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Mol Autism. 2015 Mar 8;6:14. doi: 10.1186/s13229-015-0013-4. eCollection 2015.

Effects of autism spectrum disorders on outcome in teenage-onset anorexia nervosa evaluated by the Morgan-Russell outcome assessment schedule: a controlled community-based study.

Author information

1
Department of Child and Adolescent Psychiatry, Region Sjælland, Child Psychiatric Clinic, Næstved, Denmark.
2
Forensic Psychiatry, Institute of Neuroscience and Physiology, University of Gothenburg, Göteborg, Sweden.
3
Gillberg Neuropsychiatry Centre, Institute of Neuroscience and Physiology, University of Gothenburg, Kungsgatan 12, SE- 411 19 Göteborg, Sweden.
4
Gillberg Neuropsychiatry Centre, Institute of Neuroscience and Physiology, University of Gothenburg, Kungsgatan 12, SE- 411 19 Göteborg, Sweden ; Department of Child and Adolescent Psychiatry, Strathclyde University, Yorkhill Hospital, Glasgow, UK ; Institute of Child Health, University College, London, UK.
5
Department of Clinical Sciences, Child and Adolescent Psychiatry, Lund University, Lund, Sweden.

Abstract

BACKGROUND:

The purpose of the study was to evaluate time trends and effects of co-existing autism spectrum disorders (ASD) on outcome in an ongoing long-term follow-up study of anorexia nervosa (AN).

METHODS:

The Morgan-Russell Outcome Assessment Schedule (MROAS) was used at 6-, 10- and 18-year follow-up of a representative sample of 51 individuals with teenage-onset AN and a matched group of 51 healthy comparison cases. The full multinomial distribution of responses for the full scale and each of the subscales was evaluated using exact nonparametric statistical methods. The impact of diagnostic stability of ASD on outcome in AN was evaluated in a dose-response model.

RESULTS:

There were no deaths in either group. Food intake and menstrual pattern were initially poor in the AN group but normalised over time. MROAS 'mental state' was much poorer in the AN group and did not improve over time. The psychosexual MROAS domains 'attitudes' and 'aims' showed persistent problems in the AN group. In the MROAS socioeconomic domain, the subscales 'personal contacts', 'social activities' and 'employment record' all showed highly significant between-group differences at all three follow-ups. A statistically significant negative dose-response relationship was found between a stable diagnosis of ASD over time and the results on the subscales 'mental state', 'psychosexual state' and 'socio-economic state'.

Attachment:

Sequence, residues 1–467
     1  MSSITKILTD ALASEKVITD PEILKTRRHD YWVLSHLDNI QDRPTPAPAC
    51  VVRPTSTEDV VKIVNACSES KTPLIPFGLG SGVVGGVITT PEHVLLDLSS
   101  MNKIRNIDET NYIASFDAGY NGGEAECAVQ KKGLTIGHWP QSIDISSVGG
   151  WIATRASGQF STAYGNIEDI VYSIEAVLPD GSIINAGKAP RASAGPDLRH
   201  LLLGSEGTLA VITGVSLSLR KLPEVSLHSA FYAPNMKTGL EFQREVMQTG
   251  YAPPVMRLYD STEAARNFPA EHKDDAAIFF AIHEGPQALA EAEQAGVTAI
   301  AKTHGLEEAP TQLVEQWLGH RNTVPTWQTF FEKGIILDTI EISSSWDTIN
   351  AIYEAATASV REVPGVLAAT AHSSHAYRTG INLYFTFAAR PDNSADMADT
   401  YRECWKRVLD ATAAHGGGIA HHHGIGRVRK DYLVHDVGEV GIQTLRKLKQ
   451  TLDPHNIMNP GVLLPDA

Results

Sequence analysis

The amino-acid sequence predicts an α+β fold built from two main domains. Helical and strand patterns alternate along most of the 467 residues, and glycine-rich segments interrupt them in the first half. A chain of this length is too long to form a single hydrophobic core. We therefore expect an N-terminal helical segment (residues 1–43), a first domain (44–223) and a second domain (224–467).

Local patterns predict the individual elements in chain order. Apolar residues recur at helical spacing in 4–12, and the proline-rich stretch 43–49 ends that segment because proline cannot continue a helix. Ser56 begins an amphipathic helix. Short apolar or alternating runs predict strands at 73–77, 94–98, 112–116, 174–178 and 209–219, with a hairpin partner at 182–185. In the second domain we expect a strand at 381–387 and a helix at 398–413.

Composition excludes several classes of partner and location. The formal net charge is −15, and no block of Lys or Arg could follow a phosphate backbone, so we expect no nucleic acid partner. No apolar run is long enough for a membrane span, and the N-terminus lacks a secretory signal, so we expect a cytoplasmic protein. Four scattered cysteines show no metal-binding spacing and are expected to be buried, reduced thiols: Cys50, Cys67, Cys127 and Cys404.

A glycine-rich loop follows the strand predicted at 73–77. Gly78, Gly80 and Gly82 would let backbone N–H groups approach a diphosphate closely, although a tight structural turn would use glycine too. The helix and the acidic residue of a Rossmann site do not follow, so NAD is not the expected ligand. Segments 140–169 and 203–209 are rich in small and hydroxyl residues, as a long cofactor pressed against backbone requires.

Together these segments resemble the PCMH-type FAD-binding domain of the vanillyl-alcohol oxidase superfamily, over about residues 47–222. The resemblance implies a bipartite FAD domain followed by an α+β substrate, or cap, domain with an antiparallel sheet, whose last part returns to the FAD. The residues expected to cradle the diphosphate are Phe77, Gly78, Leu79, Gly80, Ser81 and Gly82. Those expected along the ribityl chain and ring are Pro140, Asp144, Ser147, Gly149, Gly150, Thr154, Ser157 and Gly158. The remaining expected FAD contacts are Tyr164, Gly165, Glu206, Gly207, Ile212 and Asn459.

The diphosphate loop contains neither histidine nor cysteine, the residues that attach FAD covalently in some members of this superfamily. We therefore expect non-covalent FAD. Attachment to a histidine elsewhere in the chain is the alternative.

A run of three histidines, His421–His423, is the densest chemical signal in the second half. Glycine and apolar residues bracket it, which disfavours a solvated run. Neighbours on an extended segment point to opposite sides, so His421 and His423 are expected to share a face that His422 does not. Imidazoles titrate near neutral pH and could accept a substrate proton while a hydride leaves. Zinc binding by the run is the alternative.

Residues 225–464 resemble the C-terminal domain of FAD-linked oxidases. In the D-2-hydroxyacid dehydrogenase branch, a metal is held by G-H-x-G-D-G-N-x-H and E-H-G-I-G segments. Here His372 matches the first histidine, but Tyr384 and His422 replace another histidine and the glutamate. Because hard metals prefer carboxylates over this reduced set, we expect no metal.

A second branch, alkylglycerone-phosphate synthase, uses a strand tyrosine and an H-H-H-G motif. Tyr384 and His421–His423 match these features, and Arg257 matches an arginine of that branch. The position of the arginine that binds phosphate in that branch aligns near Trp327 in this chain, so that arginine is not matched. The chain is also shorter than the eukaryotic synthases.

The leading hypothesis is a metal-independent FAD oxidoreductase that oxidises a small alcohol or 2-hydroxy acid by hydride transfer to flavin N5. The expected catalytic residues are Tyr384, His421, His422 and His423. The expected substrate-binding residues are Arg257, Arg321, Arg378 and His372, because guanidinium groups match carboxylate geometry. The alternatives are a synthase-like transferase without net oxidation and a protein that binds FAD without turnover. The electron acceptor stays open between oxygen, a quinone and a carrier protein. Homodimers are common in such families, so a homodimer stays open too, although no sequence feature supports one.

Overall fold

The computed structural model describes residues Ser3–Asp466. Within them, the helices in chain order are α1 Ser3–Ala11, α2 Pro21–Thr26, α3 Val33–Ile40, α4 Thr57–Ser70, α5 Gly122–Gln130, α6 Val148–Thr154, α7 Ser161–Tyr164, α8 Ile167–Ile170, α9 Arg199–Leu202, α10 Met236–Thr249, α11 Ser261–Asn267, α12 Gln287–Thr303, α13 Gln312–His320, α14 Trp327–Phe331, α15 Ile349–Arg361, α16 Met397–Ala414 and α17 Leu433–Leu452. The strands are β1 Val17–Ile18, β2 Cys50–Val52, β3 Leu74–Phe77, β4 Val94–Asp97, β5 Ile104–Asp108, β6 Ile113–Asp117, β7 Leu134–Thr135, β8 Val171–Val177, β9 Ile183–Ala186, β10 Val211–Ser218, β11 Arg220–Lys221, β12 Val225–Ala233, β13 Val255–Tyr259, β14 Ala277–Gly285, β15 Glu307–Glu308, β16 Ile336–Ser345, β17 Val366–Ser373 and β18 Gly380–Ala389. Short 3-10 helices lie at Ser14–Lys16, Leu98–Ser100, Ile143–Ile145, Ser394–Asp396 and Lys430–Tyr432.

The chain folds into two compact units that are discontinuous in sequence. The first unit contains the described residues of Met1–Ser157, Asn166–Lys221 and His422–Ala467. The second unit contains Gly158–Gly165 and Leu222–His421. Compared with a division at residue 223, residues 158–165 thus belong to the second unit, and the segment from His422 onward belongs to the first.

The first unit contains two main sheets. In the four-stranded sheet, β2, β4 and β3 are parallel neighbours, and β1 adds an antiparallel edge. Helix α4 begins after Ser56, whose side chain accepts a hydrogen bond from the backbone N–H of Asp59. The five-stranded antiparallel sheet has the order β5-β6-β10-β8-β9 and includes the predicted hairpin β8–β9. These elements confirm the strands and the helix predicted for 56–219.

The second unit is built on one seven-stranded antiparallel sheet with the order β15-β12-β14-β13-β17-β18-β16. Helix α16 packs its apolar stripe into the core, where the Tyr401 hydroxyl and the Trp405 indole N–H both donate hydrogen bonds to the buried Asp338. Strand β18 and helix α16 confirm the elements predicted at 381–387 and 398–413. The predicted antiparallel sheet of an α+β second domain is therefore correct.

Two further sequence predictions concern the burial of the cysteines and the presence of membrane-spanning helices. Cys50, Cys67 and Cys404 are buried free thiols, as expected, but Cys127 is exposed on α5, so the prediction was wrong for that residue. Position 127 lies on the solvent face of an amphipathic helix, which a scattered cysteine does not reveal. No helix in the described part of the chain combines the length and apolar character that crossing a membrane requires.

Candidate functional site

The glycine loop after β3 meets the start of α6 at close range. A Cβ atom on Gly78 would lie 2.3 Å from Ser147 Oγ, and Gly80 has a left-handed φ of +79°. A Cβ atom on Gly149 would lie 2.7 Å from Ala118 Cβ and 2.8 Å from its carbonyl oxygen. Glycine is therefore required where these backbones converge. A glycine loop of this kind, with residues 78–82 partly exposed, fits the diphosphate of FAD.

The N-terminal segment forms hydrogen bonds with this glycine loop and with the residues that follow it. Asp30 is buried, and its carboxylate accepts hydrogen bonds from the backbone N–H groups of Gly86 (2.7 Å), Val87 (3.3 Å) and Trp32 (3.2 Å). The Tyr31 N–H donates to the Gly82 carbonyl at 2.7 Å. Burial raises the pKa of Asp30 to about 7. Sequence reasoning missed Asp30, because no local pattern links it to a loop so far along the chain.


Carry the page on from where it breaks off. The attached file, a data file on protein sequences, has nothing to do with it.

CONCLUSIONS:

Outcome of teenage-onset AN is favourable with respect to mortality and persisting eating disorder, but serious problems remain in the domains 'mental state', 'psychosexual function' and 'socioeconomic state'. Outcome is considerably worse if ASD is present. Treatment programmes for AN need to be modified so as to accommodate co-existing ASD.

KEYWORDS:

Anorexia nervosa; Autism spectrum disorders; Community-based; Controlled; Long-term outcome; Prospective; Psychosexual; Psychosocial

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